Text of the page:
Ice Is Nice: Veolia Acquires Into Ice Thermal Energy Storage

Is the ice battery finally getting its day in the sun? Veolia Energy North America, a subsidiary of massive French energy and water company Veolia Environnement (s VE), announced on Wednesday that it has snapped up a district cooling system that uses ice to lower the cost of cooling buildings from Baltimore-based Comfort Link. Financial details were not disclosed, but Veolia says the purchase gives it one of the largest existing ice thermal storage systems in the U.S.

Comfort Link’s Baltimore district cooling system has had $80 million in capital investment, has a total cooling capacity of 32,000 tons, includes more than 10 miles of chilled-water distribution piping, and serves more than 11.5 million square feet of buildings. Comfort Link essentially sells cooling as a service by owning, operating and maintaining the district system for its customers. Prior to the acquisition, Veolia provided centrally produced steam, hot water and chilled water to about 250 commercial, government, institutional and hospitality customers in Baltimore, but the deal marks the company’s first foray into using ice for thermal storage, John Gibson, Veolia Energy’s VP of the southeast region and general manager for its Baltimore operations, tells us.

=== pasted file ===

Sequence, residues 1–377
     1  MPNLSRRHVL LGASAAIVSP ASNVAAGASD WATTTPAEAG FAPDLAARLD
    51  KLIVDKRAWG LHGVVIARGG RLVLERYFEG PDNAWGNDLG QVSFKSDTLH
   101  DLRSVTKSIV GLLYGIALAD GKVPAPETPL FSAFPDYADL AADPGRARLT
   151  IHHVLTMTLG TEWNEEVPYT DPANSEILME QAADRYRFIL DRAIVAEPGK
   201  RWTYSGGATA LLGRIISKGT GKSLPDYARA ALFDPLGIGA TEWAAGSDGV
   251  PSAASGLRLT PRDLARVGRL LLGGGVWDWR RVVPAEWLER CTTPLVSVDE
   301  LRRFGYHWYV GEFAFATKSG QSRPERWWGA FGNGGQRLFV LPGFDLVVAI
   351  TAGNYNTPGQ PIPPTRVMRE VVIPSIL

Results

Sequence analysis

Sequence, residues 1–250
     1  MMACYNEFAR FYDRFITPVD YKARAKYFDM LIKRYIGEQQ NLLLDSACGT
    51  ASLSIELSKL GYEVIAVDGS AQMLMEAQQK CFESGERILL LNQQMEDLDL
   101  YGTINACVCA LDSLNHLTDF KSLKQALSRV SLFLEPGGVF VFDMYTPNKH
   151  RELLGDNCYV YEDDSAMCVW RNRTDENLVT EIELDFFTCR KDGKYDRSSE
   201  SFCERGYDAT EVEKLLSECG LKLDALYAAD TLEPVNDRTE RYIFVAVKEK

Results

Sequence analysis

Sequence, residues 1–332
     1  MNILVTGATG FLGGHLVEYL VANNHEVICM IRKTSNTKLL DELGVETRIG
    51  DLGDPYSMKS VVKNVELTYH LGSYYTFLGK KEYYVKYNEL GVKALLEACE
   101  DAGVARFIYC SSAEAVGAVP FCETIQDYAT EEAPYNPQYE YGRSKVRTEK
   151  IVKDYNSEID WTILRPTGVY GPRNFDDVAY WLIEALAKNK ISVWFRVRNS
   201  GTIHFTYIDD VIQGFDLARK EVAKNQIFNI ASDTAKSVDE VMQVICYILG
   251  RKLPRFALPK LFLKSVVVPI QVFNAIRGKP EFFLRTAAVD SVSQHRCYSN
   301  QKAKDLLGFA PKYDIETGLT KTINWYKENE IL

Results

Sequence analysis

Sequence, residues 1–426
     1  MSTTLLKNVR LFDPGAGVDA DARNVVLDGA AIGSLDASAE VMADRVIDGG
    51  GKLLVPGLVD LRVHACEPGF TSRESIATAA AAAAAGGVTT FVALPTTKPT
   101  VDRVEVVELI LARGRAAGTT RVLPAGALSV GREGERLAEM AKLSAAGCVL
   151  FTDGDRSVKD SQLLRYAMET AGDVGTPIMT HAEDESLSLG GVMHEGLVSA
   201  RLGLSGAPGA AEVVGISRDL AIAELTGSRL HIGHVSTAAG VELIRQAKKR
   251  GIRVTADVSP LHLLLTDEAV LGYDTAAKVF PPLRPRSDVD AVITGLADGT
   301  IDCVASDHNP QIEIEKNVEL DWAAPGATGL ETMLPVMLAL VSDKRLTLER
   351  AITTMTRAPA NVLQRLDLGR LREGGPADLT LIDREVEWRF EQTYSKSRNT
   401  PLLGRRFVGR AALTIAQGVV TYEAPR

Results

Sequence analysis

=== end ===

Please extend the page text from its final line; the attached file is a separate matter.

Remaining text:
Ice thermal storage systems have been attracting increased attention lately because of their ability to lower energy costs and provide more energy-efficient cooling for buildings. Last month, for example, Windsor, Colo.-based Ice Energy, which has raised more than $74 million in funding, announced a deal to build a 53 MW ice thermal energy storage system for Southern California Public Power Authority, a consortium of 11 municipal utilities and one irrigation district.

Air-conditioning is one of the biggest energy hogs in larger buildings and is often needed even during colder months because of the internal heat gains from people, lighting and equipment. Ice thermal storage systems like Comfort Link’s produce ice by running chillers at night, when demand for, and the cost of, energy is low. During the day, when energy is in higher demand and costs rise, the ice is used to help cool buildings. The systems minimize capital investment by running the chillers around the clock and by reducing the size of the mechanical cooling equipment needed to condition buildings compared with conventional technology.

Veolia said it anticipates expanding the Comfort Link system to add more customers in the area. As part of the deal, eight Comfort Link employees were hired by Veolia, Gibson said. Veolia purchased Comfort Link’s district cooling system business line but not the entire company. Comfort Link also provides consulting services around building heating, cooling and air conditioning, though it’s unclear if the company will continue operations.

Image of a water-cooled chiller courtesy of Wikimedia Commons user P199.